ONE of Harare’s veteran choral music conductors, Rodwell Christopher Samkange, has succumbed to cholera, which has rocked parts of Harare and the countryside in the past few days.
BY WINSTONE ANTONIO
Samkange died at his Glen View home on Sunday and was buried at Zororo Memorial Park cemetery. He was 70.
A former teacher and renowned prolific composer, Samkange is among the 25 people who have lost their lives to cholera, with more than 3 700 people hospitalised.
He is survived by his wife and eight children.
Federation for Choral Music of Zimbabwe chairperson Bonny Kanyenze yesterday described Samkange’s death as a huge blow to the arts sector.
“Samkange was a prolific composer whose music inspired and touched the hearts of many. Many competitions featured his songs and one of his popular compositions, Pfumvu, was recently performed by Chitungwiza Harmony Singers in South Africa at an international festival,” he said.
“Samkange, as a teacher and great multi-instrumentalist who played several musical instruments, including the piano and guitar, had trained many school choirs that dominated at national choral competitions. He will ever be remembered for his great works; may his soul rest in peace.”
Through his music prowess, which he advanced by enrolling for formal training at Waddilove Institute, Samkange helped develop several church and school choirs across the country through training, composition and adjudication.
Samkange is also famed for some set-pieces he composed for the National Association of Secondary Heads and the National Association for Primary School Heads used in the different competitions.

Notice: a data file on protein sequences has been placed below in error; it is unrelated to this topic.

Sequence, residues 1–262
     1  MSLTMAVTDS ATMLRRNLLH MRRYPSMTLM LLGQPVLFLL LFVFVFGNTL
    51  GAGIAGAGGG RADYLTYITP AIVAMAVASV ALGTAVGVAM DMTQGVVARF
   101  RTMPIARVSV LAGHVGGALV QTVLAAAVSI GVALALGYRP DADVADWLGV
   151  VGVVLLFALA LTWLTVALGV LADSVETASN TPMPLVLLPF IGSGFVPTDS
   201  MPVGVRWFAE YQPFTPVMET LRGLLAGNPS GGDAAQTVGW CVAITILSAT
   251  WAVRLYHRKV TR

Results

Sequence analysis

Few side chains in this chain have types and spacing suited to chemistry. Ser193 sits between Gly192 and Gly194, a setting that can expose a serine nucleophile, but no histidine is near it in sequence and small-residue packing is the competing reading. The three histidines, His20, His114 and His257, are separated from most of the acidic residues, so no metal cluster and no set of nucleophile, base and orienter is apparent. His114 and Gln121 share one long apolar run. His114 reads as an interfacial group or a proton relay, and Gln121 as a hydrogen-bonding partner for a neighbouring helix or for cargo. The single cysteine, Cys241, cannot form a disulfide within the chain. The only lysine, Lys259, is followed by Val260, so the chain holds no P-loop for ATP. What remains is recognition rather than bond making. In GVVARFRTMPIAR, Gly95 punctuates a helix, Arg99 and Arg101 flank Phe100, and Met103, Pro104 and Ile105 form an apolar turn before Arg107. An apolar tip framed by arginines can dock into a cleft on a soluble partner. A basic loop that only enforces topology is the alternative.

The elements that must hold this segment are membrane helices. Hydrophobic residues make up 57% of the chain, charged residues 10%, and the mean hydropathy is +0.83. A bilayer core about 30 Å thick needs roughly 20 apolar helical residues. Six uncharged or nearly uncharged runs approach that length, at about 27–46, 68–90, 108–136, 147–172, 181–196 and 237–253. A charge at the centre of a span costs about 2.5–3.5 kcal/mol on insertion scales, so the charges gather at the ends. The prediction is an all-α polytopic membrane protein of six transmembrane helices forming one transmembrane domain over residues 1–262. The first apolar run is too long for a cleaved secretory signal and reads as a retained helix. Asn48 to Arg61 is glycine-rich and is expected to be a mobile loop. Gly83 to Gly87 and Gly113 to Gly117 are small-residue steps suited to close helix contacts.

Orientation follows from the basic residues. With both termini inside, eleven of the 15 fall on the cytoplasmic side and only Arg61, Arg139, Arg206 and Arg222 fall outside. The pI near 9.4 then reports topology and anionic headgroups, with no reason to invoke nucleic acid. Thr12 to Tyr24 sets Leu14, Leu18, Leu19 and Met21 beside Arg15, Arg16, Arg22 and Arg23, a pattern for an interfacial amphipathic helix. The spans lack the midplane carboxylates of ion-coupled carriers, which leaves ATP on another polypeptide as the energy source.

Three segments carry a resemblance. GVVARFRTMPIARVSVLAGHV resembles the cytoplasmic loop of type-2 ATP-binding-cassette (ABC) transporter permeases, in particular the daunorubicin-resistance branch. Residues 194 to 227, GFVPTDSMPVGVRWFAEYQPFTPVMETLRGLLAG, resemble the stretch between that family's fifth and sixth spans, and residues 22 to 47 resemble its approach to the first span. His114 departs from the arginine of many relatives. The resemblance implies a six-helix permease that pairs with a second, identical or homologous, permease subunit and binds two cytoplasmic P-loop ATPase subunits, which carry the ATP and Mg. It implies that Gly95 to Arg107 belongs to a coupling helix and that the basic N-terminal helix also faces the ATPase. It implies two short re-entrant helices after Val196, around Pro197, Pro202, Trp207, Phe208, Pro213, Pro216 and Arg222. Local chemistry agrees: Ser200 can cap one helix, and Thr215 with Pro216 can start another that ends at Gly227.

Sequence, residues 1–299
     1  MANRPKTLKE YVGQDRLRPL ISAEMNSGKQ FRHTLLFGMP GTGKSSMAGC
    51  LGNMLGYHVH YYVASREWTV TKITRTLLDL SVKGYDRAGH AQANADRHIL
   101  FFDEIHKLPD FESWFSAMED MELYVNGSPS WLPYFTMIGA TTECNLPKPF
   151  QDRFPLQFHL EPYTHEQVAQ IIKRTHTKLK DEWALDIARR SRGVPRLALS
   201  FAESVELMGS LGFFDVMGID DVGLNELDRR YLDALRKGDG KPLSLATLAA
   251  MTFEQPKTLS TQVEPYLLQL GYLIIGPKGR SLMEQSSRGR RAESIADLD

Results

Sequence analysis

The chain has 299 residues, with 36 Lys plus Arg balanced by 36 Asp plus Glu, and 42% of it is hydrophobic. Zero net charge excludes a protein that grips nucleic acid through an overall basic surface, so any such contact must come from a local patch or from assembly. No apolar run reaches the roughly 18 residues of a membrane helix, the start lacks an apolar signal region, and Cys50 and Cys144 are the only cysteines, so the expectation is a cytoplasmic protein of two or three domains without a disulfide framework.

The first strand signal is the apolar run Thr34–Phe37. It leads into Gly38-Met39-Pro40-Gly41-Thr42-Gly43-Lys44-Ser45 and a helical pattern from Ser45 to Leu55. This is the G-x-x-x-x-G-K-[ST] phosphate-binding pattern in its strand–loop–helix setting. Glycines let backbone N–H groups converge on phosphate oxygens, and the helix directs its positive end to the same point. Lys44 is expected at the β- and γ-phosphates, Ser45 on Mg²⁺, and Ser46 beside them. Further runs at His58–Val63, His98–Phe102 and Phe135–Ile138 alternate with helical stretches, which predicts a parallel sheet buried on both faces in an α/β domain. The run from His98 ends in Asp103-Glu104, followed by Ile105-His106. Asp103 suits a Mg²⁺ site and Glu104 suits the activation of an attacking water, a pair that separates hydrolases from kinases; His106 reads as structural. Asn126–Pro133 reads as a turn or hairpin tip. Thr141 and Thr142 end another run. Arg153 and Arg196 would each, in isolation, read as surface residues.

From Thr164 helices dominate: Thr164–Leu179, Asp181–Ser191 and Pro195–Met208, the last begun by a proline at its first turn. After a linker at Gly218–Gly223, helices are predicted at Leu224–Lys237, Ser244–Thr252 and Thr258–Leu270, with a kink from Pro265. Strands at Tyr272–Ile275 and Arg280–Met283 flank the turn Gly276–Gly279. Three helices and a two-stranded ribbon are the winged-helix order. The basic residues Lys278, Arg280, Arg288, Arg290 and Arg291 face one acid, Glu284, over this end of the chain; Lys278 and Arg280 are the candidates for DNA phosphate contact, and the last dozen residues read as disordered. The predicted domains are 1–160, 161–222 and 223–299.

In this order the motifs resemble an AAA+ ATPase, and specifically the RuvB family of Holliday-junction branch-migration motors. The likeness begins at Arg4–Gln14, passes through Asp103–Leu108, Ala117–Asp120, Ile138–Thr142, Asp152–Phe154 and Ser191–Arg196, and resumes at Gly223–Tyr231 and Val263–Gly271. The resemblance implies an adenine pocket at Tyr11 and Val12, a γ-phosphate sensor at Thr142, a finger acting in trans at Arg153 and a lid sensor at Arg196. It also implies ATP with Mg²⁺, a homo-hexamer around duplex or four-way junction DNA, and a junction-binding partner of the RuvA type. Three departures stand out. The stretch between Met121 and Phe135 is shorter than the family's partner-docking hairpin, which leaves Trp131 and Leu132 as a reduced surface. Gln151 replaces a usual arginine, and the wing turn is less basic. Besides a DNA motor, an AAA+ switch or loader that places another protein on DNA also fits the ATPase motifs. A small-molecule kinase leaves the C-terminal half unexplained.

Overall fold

Some of his popular compositions include Pfumvu, Chiga Nechiga, Mashabini, Vachigubhu, Wachinja Kapu, Mahunzwepi, Patricia, Hana and Hallelujah.
Samkange launched his musical career at a tender age through the influence of his father who was also a musician and a teacher, before he went for professional training.
He went through the Zimbabwe College of Music before travelling to Japan to pursue another music diploma.
Early this week, government declared the outbreak a state of emergency and President Emmerson Mnangagwa on Thursday called for more corporate bodies to chip in with resources to fight the waterborne disease.
Afro-jazz musician Diana Samkange, niece of the deceased, said she had lost a source of inspiration as through him she had gained knowledge which made her different from other musicians.
“It is such a great loss to me as he (Samkange) was a father to me and an inspiration to me as a musician. I come from a family of strong music background. He was one of the people who supported my career as her daughter,” she said.
“I feel he has left me with a challenge to fly the Samkange music flag and family talent. The cholera situation is real and as a musician, it has taken me the death of a close relative to take a stand and urge the country to take measures when it comes to managing the cholera disaster. May his soul rest in peace”